PLANS are underway to deploy at least 400 health experts overseas for specialised courses on cancer treatment as an urgent national intervention necessitated by the rapid increase in the number of such cases reported each year.
The Minister for Health and Social Welfare, Dr Seif Ally Rashid, said in Dar es Salaam on Tuesday that the government was working hard to increase local expertise to tame the killer disease, which costs lives of at least 40,000 Tanzanians a year.
Reading the country’s message as the world marked the Cancer Day on Tuesday; Dr Rashid said that over a period of ten years, Tanzania has witnessed a dramatic increase in the number of patients seeking treatment at the Ocean Road Cancer Institute (OCRI), which calls for more efforts to increase resources to accommodate them.
“Every year, an institute receives more than 5,000 new patients while more than 44,000 patients seek medical care countrywide, leaving over 36,000 others dying. Measures are underway in which at least 100 to 400 doctors will be trained every year to attend to the situation,” he reported.
The minister said increasing the required manpower will go shoulder by shoulder with expansion of service centres countrywide, that will see other referral hospitals than the OCRI also chipping in to provide medical attention to sufferers.
He mentioned the hospitals as Bugando in Mwanza Region, which has just started the services, Kilimanjaro Christian Medical Centre (KCMC), Mbeya and the Mtwara Regional Referral Hospital.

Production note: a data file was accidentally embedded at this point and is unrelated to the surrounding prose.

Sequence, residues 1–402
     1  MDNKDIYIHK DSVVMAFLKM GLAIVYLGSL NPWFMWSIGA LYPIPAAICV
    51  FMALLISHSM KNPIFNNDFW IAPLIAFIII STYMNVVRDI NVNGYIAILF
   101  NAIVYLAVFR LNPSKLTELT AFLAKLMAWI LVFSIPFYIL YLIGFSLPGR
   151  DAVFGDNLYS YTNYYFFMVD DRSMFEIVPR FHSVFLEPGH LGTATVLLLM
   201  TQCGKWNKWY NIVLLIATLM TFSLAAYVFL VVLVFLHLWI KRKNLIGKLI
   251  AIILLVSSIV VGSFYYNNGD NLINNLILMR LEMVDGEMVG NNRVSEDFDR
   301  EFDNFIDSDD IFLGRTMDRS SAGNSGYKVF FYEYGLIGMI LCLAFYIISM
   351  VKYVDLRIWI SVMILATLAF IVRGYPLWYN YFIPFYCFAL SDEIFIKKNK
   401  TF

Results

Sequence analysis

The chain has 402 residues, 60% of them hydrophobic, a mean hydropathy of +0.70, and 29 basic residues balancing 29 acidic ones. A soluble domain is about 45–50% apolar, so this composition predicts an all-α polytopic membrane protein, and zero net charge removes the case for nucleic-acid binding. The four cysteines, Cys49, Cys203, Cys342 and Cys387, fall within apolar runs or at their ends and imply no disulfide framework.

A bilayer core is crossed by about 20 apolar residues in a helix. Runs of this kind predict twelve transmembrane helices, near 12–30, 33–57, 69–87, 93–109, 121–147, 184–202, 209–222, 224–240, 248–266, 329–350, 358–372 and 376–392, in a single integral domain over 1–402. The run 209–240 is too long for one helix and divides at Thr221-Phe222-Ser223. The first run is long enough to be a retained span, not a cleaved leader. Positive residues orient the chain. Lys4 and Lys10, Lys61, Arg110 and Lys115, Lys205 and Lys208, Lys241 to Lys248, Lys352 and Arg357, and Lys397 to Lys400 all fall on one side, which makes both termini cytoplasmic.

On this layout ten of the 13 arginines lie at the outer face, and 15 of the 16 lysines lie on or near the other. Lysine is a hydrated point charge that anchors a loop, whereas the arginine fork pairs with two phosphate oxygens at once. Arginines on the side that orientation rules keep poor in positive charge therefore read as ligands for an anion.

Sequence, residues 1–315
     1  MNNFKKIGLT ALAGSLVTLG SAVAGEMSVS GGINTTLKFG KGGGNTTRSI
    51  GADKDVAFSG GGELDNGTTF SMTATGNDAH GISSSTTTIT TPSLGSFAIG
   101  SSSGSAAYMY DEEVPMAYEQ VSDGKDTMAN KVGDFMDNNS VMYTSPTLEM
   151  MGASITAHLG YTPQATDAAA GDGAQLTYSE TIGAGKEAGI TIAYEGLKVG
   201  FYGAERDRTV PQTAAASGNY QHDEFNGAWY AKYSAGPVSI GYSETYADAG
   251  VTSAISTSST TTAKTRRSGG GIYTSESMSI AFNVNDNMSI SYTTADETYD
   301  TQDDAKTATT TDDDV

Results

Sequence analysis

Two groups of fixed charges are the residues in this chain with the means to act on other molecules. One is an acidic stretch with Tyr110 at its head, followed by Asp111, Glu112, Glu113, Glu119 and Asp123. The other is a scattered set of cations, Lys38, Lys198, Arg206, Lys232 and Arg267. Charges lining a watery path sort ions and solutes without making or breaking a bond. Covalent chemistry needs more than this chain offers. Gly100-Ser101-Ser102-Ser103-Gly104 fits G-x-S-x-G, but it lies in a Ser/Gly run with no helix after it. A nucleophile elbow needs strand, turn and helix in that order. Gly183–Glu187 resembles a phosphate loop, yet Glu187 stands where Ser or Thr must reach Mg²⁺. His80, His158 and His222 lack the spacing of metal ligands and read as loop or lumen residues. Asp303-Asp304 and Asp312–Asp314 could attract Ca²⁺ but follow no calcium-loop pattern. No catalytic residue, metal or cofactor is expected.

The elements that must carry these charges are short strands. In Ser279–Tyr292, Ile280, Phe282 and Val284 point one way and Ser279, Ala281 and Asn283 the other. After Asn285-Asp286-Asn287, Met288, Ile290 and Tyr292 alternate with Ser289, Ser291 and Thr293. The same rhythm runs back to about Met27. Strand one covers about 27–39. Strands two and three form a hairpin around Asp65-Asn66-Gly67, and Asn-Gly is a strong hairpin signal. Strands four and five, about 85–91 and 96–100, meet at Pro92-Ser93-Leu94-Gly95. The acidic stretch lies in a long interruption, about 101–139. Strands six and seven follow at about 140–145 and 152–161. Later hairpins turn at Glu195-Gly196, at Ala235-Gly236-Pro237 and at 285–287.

Dr Rashid cited the World Cancer Report 2014, which has just come out with findings on the general world cancer trend, cautioning that the less developed countries, Tanzania included, were ‘’likely to witness the shocking deaths of cancer patients to the tune of 80 per cent of the present deaths by 2025.”
The incidence of cancer globally, according to the report, has increased in just four years from 12.7 million in 2008 to 14.1 million new cases in 2012, when there were 8.2million deaths. Over the next 20 years, it is expected to hit 25 million a year equivalent to 70 per cent increase.
Cancer cases are expected to surge so alarmingly worldwide in the next 20 years, an imminent ‘human disaster’ that will require a renewed focus on prevention to combat, according to the World Health Organisation (WHO).
The World Cancer Report, produced by the WHO’s specialised cancer agency, predicts new cancer cases will rise from an estimated 14 million in 2012 to 22 million annually within two decades. Over the same period, cancer deaths are tipped to rise from 8.2 million a year to 13 million annually.
An infection, Human Papillomavirus (HPV), still accounts for more than 85 per cent of all related cases with very little hope for the people to reduce imitation of western life styles, tobacco use habit, alcohol taking – and aggravated by lack of physical exercises.
Dr Rashid said the day should serve as a wake-up call to the people, while the government should be reminded to recognise the growing trend and take immediate action.
It has been suggested that Tanzania should resort to practical solutions to redress the situation, which include developing national cancer control plans.
Other measures are increasing awareness programmes against modifiable risks factors and invigorating screening programmes aimed at decreasing some cancers by at least 25 per cent.